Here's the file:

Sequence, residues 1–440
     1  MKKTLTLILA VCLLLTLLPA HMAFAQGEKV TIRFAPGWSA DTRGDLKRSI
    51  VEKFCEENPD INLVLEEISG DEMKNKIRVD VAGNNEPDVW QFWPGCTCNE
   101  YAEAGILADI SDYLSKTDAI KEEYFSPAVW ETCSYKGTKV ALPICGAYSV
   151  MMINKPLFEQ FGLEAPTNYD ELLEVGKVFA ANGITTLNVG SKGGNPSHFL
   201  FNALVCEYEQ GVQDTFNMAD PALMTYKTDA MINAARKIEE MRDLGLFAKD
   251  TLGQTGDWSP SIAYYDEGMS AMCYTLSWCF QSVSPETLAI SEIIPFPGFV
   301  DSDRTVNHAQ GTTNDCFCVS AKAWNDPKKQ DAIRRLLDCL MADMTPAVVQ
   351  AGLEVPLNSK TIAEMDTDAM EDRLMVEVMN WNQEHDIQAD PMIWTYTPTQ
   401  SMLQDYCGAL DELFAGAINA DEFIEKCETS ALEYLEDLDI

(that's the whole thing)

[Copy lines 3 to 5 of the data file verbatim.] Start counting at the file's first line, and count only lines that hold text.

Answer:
    51  VEKFCEENPD INLVLEEISG DEMKNKIRVD VAGNNEPDVW QFWPGCTCNE
   101  YAEAGILADI SDYLSKTDAI KEEYFSPAVW ETCSYKGTKV ALPICGAYSV
   151  MMINKPLFEQ FGLEAPTNYD ELLEVGKVFA ANGITTLNVG SKGGNPSHFL